Hello everyone and welcome to this week’s Lez Liberty Lit!
Jude Doyle and A.L. Kaplan’s MAW is out September 15 from Boom! Studios and is a perfect weird horror comic in five issue that “explores the anger of those trapped by society’s expectations and the monsters born from that collective rage.” I am “not a horror person” and personally I had a GREAT time, just saying! Ask your local comic shop to order it (even if you missed the deadline for the first issue, make sure to get the rest) and check out a preview here.
Novels that offer easy lessons aren’t worth reading, writes Jo Hamya at Lit Hub:
“I don’t mean to advocate reading for reading’s sake, though there is nothing wrong with reading for pleasure. Nor do I mean to suggest that texts should never be extended to their reader’s personal and social context. But there is, perhaps, an unhelpfulness in the way naturally occurring attitudes within reading culture are exacerbated by the internet — reward-seeking, tribalism, binary thought which tends to either over-identification, or apathy where such a process cannot be carried out. Under such pressure, most books dry up. Worse still, they become boring. The type of book which would successfully thrive under such criteria could form no reciprocal relationship with its reader, could only impart what its recipient is already willing to accept as knowledge, or else stamp information onto a blank slate unchallenged, must structure itself on linear and context-specific premises. It could only teach you the same thing once before its value is exhausted. Such reading glorifies “likable” or “relatable” characters; didactic plot or dialogue; effortless transmission of information.”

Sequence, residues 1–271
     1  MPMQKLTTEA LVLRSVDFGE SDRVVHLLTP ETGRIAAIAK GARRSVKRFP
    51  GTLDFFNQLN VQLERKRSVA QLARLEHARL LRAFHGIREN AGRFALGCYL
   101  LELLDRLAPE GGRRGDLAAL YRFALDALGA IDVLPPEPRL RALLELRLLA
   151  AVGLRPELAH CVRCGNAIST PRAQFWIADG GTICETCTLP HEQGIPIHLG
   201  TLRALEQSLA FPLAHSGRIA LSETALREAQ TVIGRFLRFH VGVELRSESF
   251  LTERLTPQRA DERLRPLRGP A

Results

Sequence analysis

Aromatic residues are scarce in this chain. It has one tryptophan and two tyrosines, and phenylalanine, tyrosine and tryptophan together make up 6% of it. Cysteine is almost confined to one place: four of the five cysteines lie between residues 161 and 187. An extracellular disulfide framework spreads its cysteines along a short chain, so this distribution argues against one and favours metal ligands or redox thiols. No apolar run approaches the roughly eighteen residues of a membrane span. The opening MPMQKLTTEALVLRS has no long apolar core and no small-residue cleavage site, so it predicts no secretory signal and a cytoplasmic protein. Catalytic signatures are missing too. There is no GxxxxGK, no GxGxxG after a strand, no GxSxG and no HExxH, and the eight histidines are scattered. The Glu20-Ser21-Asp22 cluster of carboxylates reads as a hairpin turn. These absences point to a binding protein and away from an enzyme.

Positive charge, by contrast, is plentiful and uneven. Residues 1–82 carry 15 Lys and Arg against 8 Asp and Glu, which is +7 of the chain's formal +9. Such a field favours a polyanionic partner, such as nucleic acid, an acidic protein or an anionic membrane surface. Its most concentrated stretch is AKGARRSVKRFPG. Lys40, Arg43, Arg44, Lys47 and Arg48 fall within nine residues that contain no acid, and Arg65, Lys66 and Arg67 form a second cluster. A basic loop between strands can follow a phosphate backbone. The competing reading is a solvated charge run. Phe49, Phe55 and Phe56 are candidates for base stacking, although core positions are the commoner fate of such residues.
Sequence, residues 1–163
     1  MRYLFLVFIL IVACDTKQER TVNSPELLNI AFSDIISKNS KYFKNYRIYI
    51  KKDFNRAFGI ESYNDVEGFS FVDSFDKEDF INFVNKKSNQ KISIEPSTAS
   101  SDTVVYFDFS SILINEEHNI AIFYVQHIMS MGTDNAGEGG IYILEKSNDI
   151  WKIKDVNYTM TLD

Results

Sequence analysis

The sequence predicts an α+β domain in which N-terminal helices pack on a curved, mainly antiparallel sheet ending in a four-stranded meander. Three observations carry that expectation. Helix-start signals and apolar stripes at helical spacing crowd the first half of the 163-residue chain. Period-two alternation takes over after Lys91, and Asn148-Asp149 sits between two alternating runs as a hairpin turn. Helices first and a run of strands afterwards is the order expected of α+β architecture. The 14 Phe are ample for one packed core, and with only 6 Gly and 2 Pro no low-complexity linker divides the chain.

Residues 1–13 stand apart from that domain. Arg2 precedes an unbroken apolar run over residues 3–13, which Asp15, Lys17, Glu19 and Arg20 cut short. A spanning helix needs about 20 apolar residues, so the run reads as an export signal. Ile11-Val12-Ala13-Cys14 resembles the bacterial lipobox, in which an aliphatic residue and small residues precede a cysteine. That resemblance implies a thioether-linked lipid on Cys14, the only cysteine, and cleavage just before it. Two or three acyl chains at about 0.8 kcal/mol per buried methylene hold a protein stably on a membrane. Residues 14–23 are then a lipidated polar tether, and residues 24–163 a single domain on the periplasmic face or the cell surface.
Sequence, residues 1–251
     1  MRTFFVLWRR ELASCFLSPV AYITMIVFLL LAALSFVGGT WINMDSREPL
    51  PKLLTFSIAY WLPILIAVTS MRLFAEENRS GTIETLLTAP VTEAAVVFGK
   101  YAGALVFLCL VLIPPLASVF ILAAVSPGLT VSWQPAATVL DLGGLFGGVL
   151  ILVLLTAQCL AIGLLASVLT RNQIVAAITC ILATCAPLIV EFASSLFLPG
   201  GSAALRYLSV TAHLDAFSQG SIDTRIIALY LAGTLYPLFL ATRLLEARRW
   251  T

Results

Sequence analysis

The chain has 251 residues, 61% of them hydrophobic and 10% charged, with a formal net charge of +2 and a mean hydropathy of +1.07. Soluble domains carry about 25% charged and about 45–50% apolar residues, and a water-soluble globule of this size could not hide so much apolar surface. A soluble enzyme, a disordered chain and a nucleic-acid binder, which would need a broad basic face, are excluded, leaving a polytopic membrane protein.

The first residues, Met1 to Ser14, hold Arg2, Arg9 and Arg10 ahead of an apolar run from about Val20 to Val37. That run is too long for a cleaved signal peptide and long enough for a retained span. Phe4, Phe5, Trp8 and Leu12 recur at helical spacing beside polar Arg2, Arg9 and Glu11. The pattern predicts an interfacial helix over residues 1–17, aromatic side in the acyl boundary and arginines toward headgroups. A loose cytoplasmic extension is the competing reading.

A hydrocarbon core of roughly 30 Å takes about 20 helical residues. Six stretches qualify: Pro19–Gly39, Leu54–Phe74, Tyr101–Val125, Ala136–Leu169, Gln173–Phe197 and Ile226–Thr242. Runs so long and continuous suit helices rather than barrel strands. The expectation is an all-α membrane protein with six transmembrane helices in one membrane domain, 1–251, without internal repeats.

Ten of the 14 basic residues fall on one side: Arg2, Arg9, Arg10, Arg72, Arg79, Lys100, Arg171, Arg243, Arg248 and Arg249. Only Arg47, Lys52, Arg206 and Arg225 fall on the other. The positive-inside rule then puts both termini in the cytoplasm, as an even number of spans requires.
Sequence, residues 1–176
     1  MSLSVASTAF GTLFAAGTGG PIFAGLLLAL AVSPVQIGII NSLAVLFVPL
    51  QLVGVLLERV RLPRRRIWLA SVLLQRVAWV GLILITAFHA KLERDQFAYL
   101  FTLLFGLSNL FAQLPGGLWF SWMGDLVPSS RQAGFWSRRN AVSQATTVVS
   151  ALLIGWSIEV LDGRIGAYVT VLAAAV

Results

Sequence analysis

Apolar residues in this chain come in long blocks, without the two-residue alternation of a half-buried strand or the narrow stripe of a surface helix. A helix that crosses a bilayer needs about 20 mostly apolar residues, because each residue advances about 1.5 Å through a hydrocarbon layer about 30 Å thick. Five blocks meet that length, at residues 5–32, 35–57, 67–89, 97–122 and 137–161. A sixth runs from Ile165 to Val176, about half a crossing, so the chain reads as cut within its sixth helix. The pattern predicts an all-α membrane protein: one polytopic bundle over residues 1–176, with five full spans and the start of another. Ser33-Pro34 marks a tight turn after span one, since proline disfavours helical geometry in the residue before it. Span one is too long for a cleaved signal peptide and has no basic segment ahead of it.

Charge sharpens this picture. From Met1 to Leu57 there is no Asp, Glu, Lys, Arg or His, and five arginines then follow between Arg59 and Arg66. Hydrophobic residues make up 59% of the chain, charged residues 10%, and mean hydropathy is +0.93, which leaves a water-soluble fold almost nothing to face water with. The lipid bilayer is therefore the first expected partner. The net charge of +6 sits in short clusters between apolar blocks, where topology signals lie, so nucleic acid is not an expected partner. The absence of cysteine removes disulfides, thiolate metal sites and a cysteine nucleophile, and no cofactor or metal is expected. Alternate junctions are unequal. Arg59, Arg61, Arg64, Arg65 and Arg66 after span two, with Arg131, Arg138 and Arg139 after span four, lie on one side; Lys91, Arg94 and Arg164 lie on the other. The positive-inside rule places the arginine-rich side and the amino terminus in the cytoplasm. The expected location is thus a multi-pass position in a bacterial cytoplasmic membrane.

“Is the digital age costing us our ability to wander?”
You can read any book as a sacred text.
Here’s how to get into daily verbal affirmations.
A new Octavia E. Butler biography explores her early life.
What are dreams and why are they essential?
Here are 18 memorable trees from literature.
Here’s what to do when things feel scattered.
Here’s how to write your first comic book.
“It’s impossible to make money for most writers and artists in comics.”
Stop using language to self-sabotage. You do have time, you do know how, and you are brave enough.
What makes a great first sentence?
Read these books about death and dying. Read these books to recover a sense of the scared. Read these Indigenous memoirs. Read these fantasy books. Read this Black lesbian fiction. Read these books about the Y2K era.
I was really hoping that “scared text” was accurate. The horrified novel that’s too frightened to tell you what it’s really about.